Monday, June 9, 2014

JICA: Excellent New Estimates for Chinese Aid

At last, a team of experienced researchers with extensive experience on official development assistance (and foreign aid), and with deep background on China, the OECD, and the Asian approach to aid and cooperation more generally, has come up with an estimate of China's total annual official development assistance (ODA) in 2013 of $7.1 billion. This fits well with the latest glimpse into official figures, when a Chinese official let slip in April 2013 that China's official aid was about $6.35 billion, and with my own estimates.

I highly recommend their paper: "Estimating China's Foreign Aid, 2001-2013 JICA-RI Working Paper No. 78, June 2014. Lead author Naohiro Kitano and his colleague Yukinori Harada have done a superb job. The methodology is carefully worked out and fully explicated.

One of the gnarly questions in estimating Chinese aid is how to treat subsidized (preferential) export credits, which like everything else out of the Chinese policy banks, seem to be growing rapidly. Kitano and Harada follow the method required by the OECD's Development Assistance Committee (DAC), which states that export credits, no matter how concessional, cannot be considered -- by definition -- official development assistance for DAC members, as their main purpose is the promotion of a country's exports. Of course they can be counted as foreign aid, just a military aid is foreign aid. But to be comparable with the OECD countries, neither of those two should be mixed up with ODA.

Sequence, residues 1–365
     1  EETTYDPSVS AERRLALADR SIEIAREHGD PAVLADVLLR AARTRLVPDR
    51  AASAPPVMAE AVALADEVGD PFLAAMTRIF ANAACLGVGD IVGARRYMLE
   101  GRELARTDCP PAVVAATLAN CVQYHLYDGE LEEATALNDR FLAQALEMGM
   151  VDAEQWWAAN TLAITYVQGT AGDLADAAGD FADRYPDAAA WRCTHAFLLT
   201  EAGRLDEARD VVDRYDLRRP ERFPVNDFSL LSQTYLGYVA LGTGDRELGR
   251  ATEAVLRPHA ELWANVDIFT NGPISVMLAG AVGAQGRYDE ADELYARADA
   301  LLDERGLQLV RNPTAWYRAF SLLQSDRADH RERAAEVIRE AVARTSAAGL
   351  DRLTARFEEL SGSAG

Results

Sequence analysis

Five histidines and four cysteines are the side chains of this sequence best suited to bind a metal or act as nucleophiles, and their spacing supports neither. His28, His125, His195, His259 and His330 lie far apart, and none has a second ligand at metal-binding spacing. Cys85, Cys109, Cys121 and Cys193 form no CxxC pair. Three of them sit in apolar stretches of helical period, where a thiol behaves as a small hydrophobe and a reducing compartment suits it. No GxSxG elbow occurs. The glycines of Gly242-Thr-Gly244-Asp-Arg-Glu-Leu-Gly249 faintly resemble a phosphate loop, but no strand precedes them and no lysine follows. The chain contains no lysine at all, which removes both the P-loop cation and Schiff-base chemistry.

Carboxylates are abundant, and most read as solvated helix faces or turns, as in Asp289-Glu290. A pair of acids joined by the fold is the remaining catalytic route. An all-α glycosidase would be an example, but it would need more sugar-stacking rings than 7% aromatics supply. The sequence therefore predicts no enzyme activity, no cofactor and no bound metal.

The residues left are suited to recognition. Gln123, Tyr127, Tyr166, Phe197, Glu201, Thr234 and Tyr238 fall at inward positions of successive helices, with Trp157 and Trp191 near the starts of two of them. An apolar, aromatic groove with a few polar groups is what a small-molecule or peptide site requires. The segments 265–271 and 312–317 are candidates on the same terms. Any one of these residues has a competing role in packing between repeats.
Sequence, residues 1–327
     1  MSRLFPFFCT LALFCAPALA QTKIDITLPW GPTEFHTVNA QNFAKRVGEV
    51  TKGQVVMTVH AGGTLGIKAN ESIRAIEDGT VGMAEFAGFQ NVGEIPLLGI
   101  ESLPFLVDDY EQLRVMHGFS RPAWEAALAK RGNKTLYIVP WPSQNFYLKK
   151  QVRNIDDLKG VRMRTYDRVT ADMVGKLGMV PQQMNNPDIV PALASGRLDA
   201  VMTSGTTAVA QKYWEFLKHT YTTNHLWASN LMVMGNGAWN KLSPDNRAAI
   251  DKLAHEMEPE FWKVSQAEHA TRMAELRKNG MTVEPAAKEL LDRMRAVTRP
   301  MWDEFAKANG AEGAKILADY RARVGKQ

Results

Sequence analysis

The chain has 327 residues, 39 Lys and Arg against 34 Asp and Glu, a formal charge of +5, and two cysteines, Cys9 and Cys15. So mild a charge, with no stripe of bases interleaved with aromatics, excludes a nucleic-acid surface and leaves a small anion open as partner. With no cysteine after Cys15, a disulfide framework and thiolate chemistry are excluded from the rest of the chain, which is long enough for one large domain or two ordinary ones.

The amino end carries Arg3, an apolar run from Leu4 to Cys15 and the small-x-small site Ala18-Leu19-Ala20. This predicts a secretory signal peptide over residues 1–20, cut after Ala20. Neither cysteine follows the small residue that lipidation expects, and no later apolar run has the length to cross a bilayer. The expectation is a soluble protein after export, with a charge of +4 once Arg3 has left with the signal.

From what I can see, the Chinese also follow this recommendation. Though many in China do not understand the difference between the two (this is also true for many in the OECD), the budget lines that subsidize the two different loans (concessional foreign aid loan, or "you hui dai kuan" and preferential export buyer's credits, or "you hui mai fan xin dai") are also separate, and only one, concessional foreign aid loan, is included in Chinese announcements of their foreign aid.

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